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Is It Time To Sell Vodafone Group plc?

Vodafone’s price progress

In the three years between the start of 2010 and the end of 2012, shares in Vodafone (LSE: VOD)(NASDAQ: VOD.US) traded between 137p and 190p. For much of that time, the normal trading range for the stock was much narrower, typically trading between 165p and 180p.

2013 has seen a dramatic change. Beginning the year at 155p, the shares have risen consistently. Earlier this week they traded as high as 231p.

A series of events has led investors to dramatically re-appraise the value of Vodafone shares for the better. The trouble is, the most optimistic scenario for the shares has already happened. This leaves me wondering whether the shares are still worth owning.

Why the big rises?

Sentiment toward Vodafone changed when the group began receiving huge dividends from its US joint venture Verizon Wireless. Despite the fact that these payments were not guaranteed, some investors were convinced that the cashflows would continue.

This was followed by noises from Vodafone’s partner in Verizon Wireless, stating that they would like to buy out Vodafone’s stake.

In August, Vodafone announced that it was in discussions to sell. This pushed the shares through their previous 190p barrier to close at 206p. When the deal was confirmed, the shares hit 213p.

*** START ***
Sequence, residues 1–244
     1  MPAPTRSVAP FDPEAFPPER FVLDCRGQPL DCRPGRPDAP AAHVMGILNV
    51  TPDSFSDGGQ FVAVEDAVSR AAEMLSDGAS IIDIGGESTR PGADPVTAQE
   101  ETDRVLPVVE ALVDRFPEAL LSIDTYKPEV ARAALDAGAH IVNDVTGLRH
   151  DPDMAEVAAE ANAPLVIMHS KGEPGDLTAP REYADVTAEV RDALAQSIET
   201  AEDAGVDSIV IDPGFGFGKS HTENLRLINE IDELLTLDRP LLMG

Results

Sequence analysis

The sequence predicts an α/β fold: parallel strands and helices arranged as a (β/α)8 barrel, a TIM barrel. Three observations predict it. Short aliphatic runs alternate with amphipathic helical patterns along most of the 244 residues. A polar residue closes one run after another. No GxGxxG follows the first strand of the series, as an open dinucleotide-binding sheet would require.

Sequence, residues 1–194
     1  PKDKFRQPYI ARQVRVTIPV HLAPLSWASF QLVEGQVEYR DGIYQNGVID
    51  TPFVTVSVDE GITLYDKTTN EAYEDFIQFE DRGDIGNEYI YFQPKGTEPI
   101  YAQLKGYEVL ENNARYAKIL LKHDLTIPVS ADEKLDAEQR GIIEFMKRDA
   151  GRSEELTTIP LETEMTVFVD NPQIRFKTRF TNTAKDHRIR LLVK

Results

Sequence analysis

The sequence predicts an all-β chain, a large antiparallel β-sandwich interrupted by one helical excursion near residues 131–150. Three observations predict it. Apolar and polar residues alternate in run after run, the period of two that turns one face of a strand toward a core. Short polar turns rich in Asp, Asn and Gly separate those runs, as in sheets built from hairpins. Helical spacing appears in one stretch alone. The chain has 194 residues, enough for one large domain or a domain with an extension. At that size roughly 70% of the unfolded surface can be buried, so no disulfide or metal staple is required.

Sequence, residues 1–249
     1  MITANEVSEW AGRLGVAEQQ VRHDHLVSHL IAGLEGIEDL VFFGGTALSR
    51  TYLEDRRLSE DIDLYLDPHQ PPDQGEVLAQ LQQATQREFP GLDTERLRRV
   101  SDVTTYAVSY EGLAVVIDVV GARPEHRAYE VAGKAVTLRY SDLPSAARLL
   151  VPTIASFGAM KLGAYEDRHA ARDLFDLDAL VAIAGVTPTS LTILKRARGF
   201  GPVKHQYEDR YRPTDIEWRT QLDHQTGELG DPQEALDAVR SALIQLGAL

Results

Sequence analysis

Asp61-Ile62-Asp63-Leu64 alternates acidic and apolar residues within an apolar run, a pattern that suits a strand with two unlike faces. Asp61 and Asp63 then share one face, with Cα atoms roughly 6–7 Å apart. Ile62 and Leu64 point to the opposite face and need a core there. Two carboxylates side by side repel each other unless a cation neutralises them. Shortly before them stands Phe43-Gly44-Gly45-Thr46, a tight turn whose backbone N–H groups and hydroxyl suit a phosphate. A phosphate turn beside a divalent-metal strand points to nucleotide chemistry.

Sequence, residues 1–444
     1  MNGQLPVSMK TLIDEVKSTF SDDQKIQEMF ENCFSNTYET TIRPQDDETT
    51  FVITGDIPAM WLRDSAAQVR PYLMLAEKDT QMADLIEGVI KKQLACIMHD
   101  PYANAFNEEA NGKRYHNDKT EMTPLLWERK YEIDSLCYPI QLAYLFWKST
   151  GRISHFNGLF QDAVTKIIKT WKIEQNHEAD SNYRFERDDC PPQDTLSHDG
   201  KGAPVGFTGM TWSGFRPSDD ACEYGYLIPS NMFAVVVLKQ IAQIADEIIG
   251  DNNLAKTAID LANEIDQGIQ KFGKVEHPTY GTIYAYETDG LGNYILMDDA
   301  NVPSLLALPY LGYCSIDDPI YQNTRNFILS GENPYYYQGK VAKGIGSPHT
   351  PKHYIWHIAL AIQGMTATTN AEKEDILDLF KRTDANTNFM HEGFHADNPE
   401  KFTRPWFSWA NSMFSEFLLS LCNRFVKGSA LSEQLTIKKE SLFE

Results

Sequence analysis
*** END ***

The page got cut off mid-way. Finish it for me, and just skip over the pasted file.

Life after Verizon Wireless

The deal will see around 112p per share returned to Vodafone shareholders, likely in the first quarter of 2014. The company has also pledged to declare an 11p dividend for the year and that this payout will be increased in the future.

Assuming that the share price will lose 112p following this one-off payment, that will leave a company with a high quality earnings stream offering an 11p dividend.

If we reduce the current share price by 112p and apply an 11p dividend to what remains, that suggests that Vodafone shares offer a forward yield of 9.3%.

Verdict

With mobile computing on the rise globally, there is a great opportunity for Vodafone to establish strong, new income streams in developing markets. On the other hand, trading in its mature European markets has been subdued and the telecom regulators apparently hostile.

All this considered, I believe that there remains a case for Vodafone shares to trade around 25% higher than they do today. The shares remain some way off being overpriced.

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> David does not own shares in any of the companies mentioned.